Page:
Fleshgod Apocalypse

Depressed Mode – Decade of Silence Review

Depressed Mode – Decade of Silence Review

“When I first saw the name, “Depressed Mode,” I assumed it was an homage to synth-rock icons, Depeche Mode. Nope. Turns out, these Fins are being literal. That’s their thing. Even their album names are literal. Decade of Silence is the third album after 2009’s For Death and follows a decade(ish) of… er… silence. Depressed Mode plays symphonic doom in the vein of… well… it’s complicated.” Silence is deadening.

Miseration – Black Miracles and Dark Wonders Review

Miseration – Black Miracles and Dark Wonders Review

“When it comes to versatile metal vocalists, few people pop into my head faster than Christian Älvestam. I loved his work with Scar Symmetry, and I followed his career after his departure. I was overjoyed when he joined Jani Stefanović (Renascent and DivineFire) in both Solution .45 and Miseration, and I especially enjoyed the latter’s output. Miseration‘s 2006 debut Your Demons – Their Angels didn’t stray too far from Älvestam’s work in Scar Symmetry, opting for a highly melodic death metal sound and utilizing both death vocals and clean singing. I lost track of these guys after that, and I was utterly shocked—and delighted—to find that they were going to be releasing their fourth record here in 2022.” Misery love melodeath.

The Devils of Loudun – Escaping Eternity Review

The Devils of Loudun – Escaping Eternity Review

“Hailing from Seattle, and featuring members of Aethereus—who themselves released a stellar album just a few weeks back—The Devils of Loudun specialize in death metal of the melodic and symphonic variety. The band’s debut full-length Escaping Eternity finds neoclassical guitar leads and keys soaring over a foundation of thick, grooving riffs, while the powerful vocals of Aethereus‘ Vance Bratcher dial the heaviness quotient up to critical levels.” Devil be Loud(un).

The Design Abstract – Metemtechnosis Review

The Design Abstract – Metemtechnosis Review

“Science fiction in heavy metal has absolutely no business being as cool as it somehow is. What is it about thick, heavy synths and thicker, heavier guitars that feels like such a strong match? I don’t really like science fiction in general, but as a musical concept? It works. I don’t know what to tell you, it just does. The Design Abstract hail from the Canadian province of Ontario, and seem to understand the game, as Metemtechnosis is their third full-length release under this moniker—and their second this year. The group plays melodic death metal to tell their futuristic stories.” Designing the future.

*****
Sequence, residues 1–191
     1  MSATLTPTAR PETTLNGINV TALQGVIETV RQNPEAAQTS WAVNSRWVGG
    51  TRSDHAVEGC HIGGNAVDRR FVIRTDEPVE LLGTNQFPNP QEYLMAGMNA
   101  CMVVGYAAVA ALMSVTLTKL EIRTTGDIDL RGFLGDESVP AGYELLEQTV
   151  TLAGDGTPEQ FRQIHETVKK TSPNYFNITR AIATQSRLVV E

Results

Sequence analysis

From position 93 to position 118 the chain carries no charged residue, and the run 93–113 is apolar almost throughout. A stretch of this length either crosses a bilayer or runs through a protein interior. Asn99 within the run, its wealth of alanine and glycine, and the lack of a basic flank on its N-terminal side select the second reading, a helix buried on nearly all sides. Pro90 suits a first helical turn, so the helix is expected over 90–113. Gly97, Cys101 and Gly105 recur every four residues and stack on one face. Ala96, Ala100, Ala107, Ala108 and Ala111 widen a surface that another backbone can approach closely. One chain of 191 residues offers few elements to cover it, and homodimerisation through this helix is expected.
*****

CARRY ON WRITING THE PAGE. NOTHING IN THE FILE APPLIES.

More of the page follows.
The Breathing Process – Labyrinthian Review

The Breathing Process – Labyrinthian Review

“A phenomenon risen in the last decade is the concept of “blackened deathcore.” While Winds of Plague‘s cheesy keyboard licks copied and pasted atop chug-happy deathcore is business as usual, it wasn’t until bands like Make Them Suffer and Abigail Williams cranked up the moody -core brutality with black metal tropes in songwriting, drumming, and keys. More recently represented by bands like Lorna Shore or Mental Cruelty, blackened deathcore (if you accept it as a style) has become one of those quasi-sub-genres that fuses the oft-maligned “scene-core” and those of the “trve” style – a trve clvsterfvkk if you will. Quietly riding the wave is collective The Breathing Process, whose string of releases have contributed in small ways to this weird-ass style.” I see a mall kid and I want to paint him black.